For more than half a century, Toledo s north end has been bisected by what was originally the Detroit-Toledo Expressway today s I-280.
But when the Veterans Glass City Skyway opens overhead, the old freeway will be out of a job, its trench unnecessary.
After about three years of construction, most of it will be converted to a public park, as will be East Toledo land freed up when the current I-280 interchange with Front Street is converted into a four-way intersection involving Front, the Craig Memorial Bridge, and two ramps connecting Front with I-280 to and from the south. The two parks will have a combined 40 acres.
"It s been a long, long time since that trench was dug," said Harold Salverda, a retired assistant director of the Toledo Metropolitan Area Council of Governments.
"Once upon a time, that neighborhood was a unit, but people were really separated from one side to the other by the trench and the Detroit-Toledo Expressway. I think this is going to do a lot to bring that neighborhood back together," he said.
Besides the immediate impacts the park construction will have on nearby neighborhoods, Mr. Salverda predicted that a future bike lane across the Craig will bring East Toledo and North Toledo closer together.
Reconfiguring the Craig bridge and its approaches for use by local traffic, filling the North Toledo trench, and reconnecting residential streets severed by the old freeway will be the main features of one of two Ohio Department of Transportation Skyway-related contracts still to be awarded after the new bridge s opening.
That contract, budgeted for $25 million, is to begin next year, while ODOT expects to spend $1.5 million later this year on a project to landscape the widened I-280 from either end of the new bridge to I-75 in North Toledo and Navarre Avenue in Oregon.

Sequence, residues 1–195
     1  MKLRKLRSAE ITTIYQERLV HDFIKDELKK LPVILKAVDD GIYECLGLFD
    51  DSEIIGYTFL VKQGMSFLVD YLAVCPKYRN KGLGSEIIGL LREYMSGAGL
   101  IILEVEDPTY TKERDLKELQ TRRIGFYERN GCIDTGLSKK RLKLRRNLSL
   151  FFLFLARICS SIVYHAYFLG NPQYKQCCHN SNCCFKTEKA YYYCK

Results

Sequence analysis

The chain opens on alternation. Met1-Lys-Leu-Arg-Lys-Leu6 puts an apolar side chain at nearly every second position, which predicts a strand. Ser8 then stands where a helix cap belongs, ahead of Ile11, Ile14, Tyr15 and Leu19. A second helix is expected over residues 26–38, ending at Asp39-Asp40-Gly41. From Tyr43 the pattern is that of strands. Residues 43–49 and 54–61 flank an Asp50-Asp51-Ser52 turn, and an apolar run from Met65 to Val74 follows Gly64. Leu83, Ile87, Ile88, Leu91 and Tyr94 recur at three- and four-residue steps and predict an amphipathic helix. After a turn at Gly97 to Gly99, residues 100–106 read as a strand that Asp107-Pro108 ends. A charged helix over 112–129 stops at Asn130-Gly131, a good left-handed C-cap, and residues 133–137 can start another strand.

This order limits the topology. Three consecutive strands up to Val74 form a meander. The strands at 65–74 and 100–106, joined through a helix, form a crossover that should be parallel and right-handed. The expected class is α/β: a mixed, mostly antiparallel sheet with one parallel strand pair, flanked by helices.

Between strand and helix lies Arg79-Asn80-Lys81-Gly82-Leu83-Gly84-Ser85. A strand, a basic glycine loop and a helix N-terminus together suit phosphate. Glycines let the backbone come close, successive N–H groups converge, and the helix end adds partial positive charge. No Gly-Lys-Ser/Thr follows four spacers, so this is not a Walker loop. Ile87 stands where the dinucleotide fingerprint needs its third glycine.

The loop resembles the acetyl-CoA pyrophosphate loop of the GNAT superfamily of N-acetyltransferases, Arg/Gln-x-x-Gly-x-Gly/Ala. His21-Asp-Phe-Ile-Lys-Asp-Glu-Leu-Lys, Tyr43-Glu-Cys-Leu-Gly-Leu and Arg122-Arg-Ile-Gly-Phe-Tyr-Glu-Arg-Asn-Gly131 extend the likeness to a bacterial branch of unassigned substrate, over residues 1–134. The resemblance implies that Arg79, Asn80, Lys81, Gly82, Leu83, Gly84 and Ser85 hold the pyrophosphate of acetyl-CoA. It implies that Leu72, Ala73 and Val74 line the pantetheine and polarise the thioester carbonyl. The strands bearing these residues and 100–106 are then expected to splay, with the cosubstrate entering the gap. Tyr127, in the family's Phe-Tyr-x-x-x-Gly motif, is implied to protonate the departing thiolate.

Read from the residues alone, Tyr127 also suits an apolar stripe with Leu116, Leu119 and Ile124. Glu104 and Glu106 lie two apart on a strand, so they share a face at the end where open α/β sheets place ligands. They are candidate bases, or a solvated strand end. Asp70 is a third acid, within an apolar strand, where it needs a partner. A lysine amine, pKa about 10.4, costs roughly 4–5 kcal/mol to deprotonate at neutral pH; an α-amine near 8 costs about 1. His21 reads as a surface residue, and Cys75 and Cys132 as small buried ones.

Terraces for some of the landscaping were built as part of the project s noise-wall contract, but the plantings themselves won t be done until the other construction is finished.
The landscaping will rely heavily on shrubs, flowering trees, conifers, and native grasses, said Jeff Baker, the project construction manager for ODOT.
"We re going to have some attractive landscaping without a lot of maintenance," Mr. Baker said.
While ODOT will pay for the I-280 landscaping, the bill for the park and Craig bridge remodeling is to be divided roughly in thirds among the state, the city of Toledo, and federal funds administered by the Toledo Metropolitan Area Council of Governments.
In North Toledo, the park will feature a meandering, two-mile trail flanked by prairie grasses and native trees, along with several small ponds that will be settling pools for bridge run-off. The only expanse of lawn planned for that side of the river will be near the Summit YMCA the former Riverside Hospital.
As the freeway trench is filled in and resculpted, bridges that carry several local streets across it will be removed and the streets reconnected on solid ground.
Earth for the trench conversion will come from a large mound, informally known as Mount Northwood, within the I-280 interchange at Woodville Road. Mount Northwood s dirt came from shafts drilled for the I-280 bridge s pier foundations and from the excavation of Fifth Third Field in downtown Toledo.
The East Toledo side also will feature grassy meadows and trails, though preliminary plans designate some land for future athletic fields. East Toledo also will be the site for the tribute and memorial monument for the bridge project s construction workers.
The Craig, which is to become part of State Rt. 65 and thus remain an ODOT responsibility, will be reconfigured with a bike lane on its downriver side, its median divider eliminated, and intersections at either end instead of interchanges: the four-way corner in East Toledo and a "T" intersection at Summit Street, which itself will be realigned through the area.
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